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Columbia and Brooks Brothers Unite To Dress Future Female Changemakers

News

As rain pours outside on an empty Lincoln Square plaza, a group of senior high schoolers are nestled into the womenswear section of Brooks Brothers for a tutorial.


It’s not similar to any tutorial they will receive in their final year of school however, or in their future collegiate careers. In fact, this tutorial is about as rare as they come, and that’s why it’s so important. The girls wait tentatively for the guest speaker, and the delivery of a speech that will most likely stick with them for their collegiate years and into their first jobs.

"Clothing is your armor, it's your protection, but it's also a business tool."

-Stacy Wallace-Albert

The Principal Women's stylist of the 200 year-old company, Stacy Wallace-Albert is here to deliver the talk, dressed immaculately of course, and busying herself with the preparation of her props: a rail of Brooks Brothers fall collection.

The talk has been organized by Columbia’s School of Professional Studies, who began an initiative last year to encourage girls into STEM fields at an age when many begin to fall off that wagon, between age 16-18. Adding an element to the programme this year, the school organized this talk with stylist Wallace-Albert of Brooks Brothers in order to advise how to dress professionally, appropriately, and to impress. There’s a big difference between the woman and the man who can dress well for work, and Wallace-Albert stresses this throughout her talk. Men have a formula for success: tailoring, ties, trousers. Women on the other hand, very rarely get tailoring, have a wild array of accessories for an outfit rather than just the singular tie, and have to choose between different bottoms on different occasions because society has dictated this for years. The choices for women can be overwhelming, and hence the difficulty presented: when there is so much available, what to choose for your professional wardrobe?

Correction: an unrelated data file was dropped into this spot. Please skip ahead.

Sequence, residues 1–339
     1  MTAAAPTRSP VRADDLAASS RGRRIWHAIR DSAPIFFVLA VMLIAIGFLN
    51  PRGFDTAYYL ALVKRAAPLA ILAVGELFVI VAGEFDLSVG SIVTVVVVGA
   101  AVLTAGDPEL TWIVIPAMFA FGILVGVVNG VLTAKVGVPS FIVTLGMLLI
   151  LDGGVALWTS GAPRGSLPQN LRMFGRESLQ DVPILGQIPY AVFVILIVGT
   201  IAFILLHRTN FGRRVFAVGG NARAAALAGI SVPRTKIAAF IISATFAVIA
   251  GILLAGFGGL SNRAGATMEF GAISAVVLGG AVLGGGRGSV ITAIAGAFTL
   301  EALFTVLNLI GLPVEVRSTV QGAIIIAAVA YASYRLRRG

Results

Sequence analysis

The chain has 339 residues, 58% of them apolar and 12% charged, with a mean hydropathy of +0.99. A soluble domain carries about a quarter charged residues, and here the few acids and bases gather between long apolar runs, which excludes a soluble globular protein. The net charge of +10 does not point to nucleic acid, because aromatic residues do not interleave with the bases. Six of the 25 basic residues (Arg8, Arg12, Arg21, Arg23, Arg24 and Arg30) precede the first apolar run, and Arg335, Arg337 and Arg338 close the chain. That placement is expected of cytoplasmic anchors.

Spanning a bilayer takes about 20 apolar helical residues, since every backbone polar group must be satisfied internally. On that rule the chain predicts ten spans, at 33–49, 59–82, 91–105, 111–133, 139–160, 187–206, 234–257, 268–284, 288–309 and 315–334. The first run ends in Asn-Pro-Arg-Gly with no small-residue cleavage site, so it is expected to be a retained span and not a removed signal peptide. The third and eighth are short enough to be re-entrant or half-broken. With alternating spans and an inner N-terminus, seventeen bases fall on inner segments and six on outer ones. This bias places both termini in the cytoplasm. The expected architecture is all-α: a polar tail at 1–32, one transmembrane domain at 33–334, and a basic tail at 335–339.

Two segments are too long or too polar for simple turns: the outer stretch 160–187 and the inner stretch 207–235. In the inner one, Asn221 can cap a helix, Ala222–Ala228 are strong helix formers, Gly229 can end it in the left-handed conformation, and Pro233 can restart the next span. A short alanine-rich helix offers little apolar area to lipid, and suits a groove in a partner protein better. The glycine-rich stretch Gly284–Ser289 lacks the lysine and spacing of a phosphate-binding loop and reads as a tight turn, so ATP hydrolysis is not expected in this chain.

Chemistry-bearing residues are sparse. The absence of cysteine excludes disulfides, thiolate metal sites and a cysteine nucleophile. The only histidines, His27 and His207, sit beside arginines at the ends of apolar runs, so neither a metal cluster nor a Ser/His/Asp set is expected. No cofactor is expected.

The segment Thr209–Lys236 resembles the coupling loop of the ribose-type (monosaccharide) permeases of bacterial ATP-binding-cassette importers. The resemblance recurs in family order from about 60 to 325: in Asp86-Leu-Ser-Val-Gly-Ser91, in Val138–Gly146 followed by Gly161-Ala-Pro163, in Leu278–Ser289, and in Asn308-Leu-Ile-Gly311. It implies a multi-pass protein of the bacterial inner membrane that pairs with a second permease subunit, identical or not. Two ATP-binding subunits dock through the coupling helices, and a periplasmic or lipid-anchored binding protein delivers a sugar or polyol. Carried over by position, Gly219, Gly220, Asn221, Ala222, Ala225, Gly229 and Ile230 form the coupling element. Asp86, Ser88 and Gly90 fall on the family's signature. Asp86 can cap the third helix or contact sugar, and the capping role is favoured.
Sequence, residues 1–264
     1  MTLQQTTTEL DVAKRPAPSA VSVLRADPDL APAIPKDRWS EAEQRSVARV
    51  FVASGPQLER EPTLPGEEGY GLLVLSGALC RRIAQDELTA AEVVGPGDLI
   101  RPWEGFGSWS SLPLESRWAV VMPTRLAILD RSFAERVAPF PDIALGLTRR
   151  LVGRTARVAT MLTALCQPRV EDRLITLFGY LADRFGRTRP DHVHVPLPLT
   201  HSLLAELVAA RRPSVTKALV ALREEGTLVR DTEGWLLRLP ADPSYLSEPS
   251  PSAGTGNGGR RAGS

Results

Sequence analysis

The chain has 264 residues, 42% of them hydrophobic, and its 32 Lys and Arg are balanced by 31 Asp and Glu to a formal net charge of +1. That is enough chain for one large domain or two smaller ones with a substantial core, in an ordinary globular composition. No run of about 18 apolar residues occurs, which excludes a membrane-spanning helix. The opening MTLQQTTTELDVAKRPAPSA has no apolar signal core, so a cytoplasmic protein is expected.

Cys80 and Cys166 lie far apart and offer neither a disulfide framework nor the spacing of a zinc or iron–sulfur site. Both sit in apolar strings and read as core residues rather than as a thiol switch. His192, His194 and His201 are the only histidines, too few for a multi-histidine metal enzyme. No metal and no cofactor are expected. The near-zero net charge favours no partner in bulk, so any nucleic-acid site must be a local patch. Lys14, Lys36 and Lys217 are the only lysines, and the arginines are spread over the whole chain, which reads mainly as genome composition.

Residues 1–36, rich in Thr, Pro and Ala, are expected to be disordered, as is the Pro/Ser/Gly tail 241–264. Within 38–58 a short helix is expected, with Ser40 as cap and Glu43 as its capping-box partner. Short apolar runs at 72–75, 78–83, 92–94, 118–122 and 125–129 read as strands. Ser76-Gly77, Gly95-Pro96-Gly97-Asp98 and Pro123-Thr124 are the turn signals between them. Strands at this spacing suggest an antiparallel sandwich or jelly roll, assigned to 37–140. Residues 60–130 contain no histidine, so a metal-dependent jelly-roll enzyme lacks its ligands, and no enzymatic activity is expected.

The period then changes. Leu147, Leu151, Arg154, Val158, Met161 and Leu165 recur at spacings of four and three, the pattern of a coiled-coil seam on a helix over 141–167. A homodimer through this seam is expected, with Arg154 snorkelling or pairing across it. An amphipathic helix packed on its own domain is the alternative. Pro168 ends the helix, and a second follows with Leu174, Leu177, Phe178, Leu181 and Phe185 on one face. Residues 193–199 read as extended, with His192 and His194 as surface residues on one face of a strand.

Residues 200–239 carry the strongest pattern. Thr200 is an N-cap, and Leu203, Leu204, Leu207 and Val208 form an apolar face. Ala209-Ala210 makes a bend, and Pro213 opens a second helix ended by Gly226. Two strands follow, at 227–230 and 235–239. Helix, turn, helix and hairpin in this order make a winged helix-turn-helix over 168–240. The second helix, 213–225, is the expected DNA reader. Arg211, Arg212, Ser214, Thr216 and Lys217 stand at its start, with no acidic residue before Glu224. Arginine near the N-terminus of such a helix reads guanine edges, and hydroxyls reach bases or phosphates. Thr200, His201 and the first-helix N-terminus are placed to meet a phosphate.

Stacy Wallace-Albert. Photo courtesy of The Fashion Editor

One of the first things Albert says - “clothing: it can enhance who you are, but it can also distract what you do,” becomes a running narrative for the duration of the talk. Women, because of a multitude of factors; sexism, history, social standing - have to earn everything in business. They’ve to earn the right to a silent boardroom, a seat at the table, attention paid while delivering a presentation. And what’s the biggest excuse for distraction? Well, their looks, of course.

Photo courtesy of Brooks Brothers

Wallace-Albert went on to provide bullet points fr the girls to follow into their professional years. Get a staple white blouse. Invest in good, solid pieces. Don’t wear a skirt that will ride up under the table. Don’t wear a blouse with your bra popping out at the chest. Don’t give anyone an excuse to forget what you had to say because they were too busy looking at a stray thread or a bulging button.